Baltimore officials are paving the way for an extensive mixed-use project along the eastern shore of the Middle Branch with a plan to acquire the mostly industrial property and offer it for private development.
A proposed urban renewal plan for West Covington, bounded by Interstate 95 on the north, Hanover Street on the east and the Middle Branch of the Patapsco River on the west, would enable the city to acquire about 50 acres in a part of the city targeted for redevelopment.
But industrial businesses that would be displaced are fighting the plan, saying they already provide the jobs and economic development urban renewal is designed to bring.
Officials of Schuster Concrete, a ready-mixed concrete supplier that employs 900 people overall, said its West Covington facility is an essential cog in an operation that supplies concrete to many of the city's biggest new construction projects, such as the Ritz-Carlton Residences at the foot of Federal Hill.
In testimony before the city's Planning Commission yesterday, Baltimore planners and economic development officials said the plan would enable the city to make the most of its valuable waterfront and embrace a future that will rely increasingly on the creation of clusters of homes, workplaces and shops and less on an industrial base.
Redevelopment is occurring along the Middle Branch.
On the opposite shore of the tributary in Westport, a $1.4 billion project to replace shuttered factories with offices, shops, homes and a hotel is in its early stages. Just east and across Hanover Street in Port Covington, the owner of a waterfront shopping center wants to transform 59 acres into a $2 billion community that could include homes, offices, shops and a hotel.
"This is one of the most important property decisions affecting the economic development of the city that has been brought before this commission," M.J. "Jay" Brodie, president of Baltimore Development Corp., told the Planning Commission yesterday.
He said the city's determination to move forward on the development despite opposition would pay off in the way that the creation of Charles Center and Harborplace had decades earlier. "The future of Baltimore is not the same as the past," Brodie said. "We can't re-create the industrial base of the Baltimore of the past."
Officials say the plan will enable the city to carry out the goals of a recently adopted Middle Branch Master Plan. The city envisions a project that could encompass homes, shops and offices, preserve the city-owned 11-acre Swann Park, create an environmentally sound promenade along the water's edge and help conserve the Middle Branch, said Kim Clark, BDC executive vice president.
The project would mean acquiring property from seven homeowners with properties near Swann Park and three large industrial businesses, including Schuster's site, the 13-acre Atlantic Forest Products site and Allied Waste Services' 11-acre site.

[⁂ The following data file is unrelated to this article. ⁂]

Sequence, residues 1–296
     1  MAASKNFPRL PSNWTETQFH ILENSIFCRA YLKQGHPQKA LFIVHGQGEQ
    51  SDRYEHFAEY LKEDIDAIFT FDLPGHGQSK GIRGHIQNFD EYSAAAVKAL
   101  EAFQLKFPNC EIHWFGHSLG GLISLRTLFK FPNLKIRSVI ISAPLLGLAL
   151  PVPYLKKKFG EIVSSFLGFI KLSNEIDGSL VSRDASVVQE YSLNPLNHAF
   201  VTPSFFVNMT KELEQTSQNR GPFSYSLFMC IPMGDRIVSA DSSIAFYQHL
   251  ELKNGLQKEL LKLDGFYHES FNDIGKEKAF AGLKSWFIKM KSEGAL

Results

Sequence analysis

Businesses that would be displaced are questioning the city's tactics.
"It's unusual to displace active, profitable job-supporting business," Douglas N. Silber, an attorney representing Schuster, said in an interview. "We don't believe this is a blighted area. This is the opposite of a blighted area. The jobs are there. They want to take the properties out and remove the jobs. Why, we don't know."
He suggested in testimony to the commission that the city should let the existing property owners work together to come up with their own redevelopment plan.
Daniel Schuster, owner and president of 35-year-old Schuster Concrete, asked commission members to "have the courage to look to protect my company and others that are vibrant, successful companies." He said his company bought the building five years ago.
"We could never replace that facility and the advantages that building and the physical site give us," Schuster said before yesterday's hearing.
D. Dusky Holman, an attorney with Gildea & Schmidt representing Baltimore-based homebuilder Ruppert Homes, said his client signed a sales contract three years ago to purchase the Atlantic Forest Products site and has been working with the city for much of that time to make sure its plans for new homes fall within the guidelines of the Middle Branch Master Plan.
"We were asked to hold off ... and now we're being told the property will be condemned," Holman said.
Donald J. Neukam, a district manager for Allied Waste, said the company has had its recycling facility at the West Covington site for 12 years and that 180 people are employed there.
"We're quite concerned about the timing of this process and the valuation of the property," Neukam said. He said BDC had shown the company a potential new site in the Fairfield industrial area but that proved "inadequate and not central."
Planning Commission Chairman Peter Auchincloss said he would grant requests to continue the hearing next month so BDC and property owners could try to work out a resolution before the measure goes before the City Council.